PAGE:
Changing nature of trade measurement

7.1.1. What types of measuring instruments should be regulated by Australia’s measurement laws?

What types of measuring instruments should be regulated by Australia’s measurement laws?
Any device or process that underpins a financial transaction or would put the public at risk of death or serious injury through incorrect measurement, or in cases where measurement may form the basis of a legal case in the criminal or civil courts. The Scope should encompass areas discerning measurement in all facets, whether it uses trade approved or non-approved systems it still should be under the protection of Australia's Measurement Law to protect consumers, businesses, health and wellbeing of the Australian public.

7.1.2. How should Australia’s measurement laws apply to transactions for goods and services that are based on measurement?

How should Australia’s measurement laws apply to transactions for goods and services that are based on measurement?
The buyer and seller need confidence that they are protected against fraudulent declarations within a transaction. Where a transaction is based on a unit of measurement the Australian Measurement Laws should ensure that it is accurate within permissible tolerances. Australia’s measurement laws must provide for the confidence in suitability, accuracy and use of instruments.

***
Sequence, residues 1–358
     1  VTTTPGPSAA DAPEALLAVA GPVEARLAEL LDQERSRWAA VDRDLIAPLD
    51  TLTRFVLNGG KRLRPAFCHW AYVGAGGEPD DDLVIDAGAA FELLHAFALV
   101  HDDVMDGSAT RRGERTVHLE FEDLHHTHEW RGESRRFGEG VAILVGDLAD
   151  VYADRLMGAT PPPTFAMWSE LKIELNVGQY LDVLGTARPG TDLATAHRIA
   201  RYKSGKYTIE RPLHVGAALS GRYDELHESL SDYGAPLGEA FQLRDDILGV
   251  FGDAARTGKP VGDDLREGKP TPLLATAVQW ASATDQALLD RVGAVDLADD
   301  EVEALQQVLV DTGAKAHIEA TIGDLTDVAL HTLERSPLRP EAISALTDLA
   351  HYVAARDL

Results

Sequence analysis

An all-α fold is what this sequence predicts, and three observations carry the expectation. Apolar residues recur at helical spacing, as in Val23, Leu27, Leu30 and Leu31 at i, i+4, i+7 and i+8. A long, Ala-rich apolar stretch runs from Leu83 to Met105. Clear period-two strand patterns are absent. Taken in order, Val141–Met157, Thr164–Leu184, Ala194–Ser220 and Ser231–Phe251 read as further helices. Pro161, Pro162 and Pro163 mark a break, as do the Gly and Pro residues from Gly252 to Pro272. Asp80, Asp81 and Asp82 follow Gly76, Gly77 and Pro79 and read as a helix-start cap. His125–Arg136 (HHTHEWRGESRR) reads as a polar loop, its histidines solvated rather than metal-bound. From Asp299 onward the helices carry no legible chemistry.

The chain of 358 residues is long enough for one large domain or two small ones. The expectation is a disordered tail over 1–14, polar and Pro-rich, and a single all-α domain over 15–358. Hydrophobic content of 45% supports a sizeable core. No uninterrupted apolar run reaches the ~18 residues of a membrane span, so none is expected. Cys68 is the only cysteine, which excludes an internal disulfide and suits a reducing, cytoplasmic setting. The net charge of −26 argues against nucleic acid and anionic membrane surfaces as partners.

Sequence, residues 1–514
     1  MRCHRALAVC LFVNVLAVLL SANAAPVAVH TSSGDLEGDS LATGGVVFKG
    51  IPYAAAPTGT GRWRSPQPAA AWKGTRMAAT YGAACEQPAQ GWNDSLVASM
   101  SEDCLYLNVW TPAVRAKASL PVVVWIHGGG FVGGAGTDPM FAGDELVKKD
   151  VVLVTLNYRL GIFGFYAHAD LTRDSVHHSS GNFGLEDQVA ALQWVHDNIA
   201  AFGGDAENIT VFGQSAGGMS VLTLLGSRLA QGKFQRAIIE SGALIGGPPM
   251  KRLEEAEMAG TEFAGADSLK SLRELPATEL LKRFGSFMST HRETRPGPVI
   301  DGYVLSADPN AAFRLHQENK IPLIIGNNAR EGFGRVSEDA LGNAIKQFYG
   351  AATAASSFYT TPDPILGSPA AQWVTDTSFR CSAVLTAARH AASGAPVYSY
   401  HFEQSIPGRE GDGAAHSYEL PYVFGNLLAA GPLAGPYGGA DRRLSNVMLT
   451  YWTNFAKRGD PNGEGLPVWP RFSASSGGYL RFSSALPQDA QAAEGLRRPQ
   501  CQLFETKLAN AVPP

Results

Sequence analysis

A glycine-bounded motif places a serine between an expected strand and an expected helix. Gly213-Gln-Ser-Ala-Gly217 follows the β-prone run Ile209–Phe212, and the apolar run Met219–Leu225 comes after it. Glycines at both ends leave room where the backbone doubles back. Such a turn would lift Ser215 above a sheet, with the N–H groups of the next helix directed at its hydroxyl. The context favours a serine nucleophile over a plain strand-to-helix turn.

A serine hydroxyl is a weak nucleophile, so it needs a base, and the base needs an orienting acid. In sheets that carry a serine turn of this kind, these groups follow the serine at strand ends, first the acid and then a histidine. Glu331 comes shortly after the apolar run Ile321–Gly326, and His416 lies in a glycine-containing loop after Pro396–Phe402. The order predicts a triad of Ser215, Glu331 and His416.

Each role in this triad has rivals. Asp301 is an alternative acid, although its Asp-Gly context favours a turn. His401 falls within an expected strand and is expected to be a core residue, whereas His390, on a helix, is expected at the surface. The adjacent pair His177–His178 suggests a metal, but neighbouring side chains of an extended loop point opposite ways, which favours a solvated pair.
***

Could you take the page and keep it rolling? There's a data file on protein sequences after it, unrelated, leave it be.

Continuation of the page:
7.1.3. What regulatory models should be applied to quality and quantity measurements?

What regulatory models should be applied to quality and quantity measurements?
We believe the Prescriptive based model clearly defines the requirements for quality and quantity measurement therefore should be applied. The vast majority of quality systems are based under Prescriptive models which govern Australian Industry. The combination of a Principles Base and Prescriptive Base system will create ambiguity in the market place.

Exemptions

7.2.1. How should Australia’s measurement laws specify the types of measuring instruments they apply to? For instance, by exemption or inclusion requirements?

How should Australia’s measurement laws specify the types of measuring instruments they apply to? For instance, by exemption or inclusion requirements?
Any instrument used to facilitate trade and high risk non trade applications where a legal case, injury or death may result through incorrect measurement should be categorised for example, Pharmaceutical, Transport, Maritime, Retail Trade, Worksite Safety, Law Enforcement Health and Wellbeing, Agriculture, negative Environmental impacts, etc.

7.2.2. What are your views on the current listed exemptions?

How are the current listed exemptions not appropriate?
In relation to Weighing Metrology, we believe there should be no exemptions when it comes to Trade and high risk Non-Trade applications where a legal case, injury or death may result through incorrect measurement. For example, Pharmaceutical, Transport, Maritime, Retail Trade, Work site Safety, Law Enforcement Health and Well being, Agriculture, negative Environmental impacts, etc.

Non-trade measurements

8.1. What future measurement needs or priorities would benefit from a measurement framework?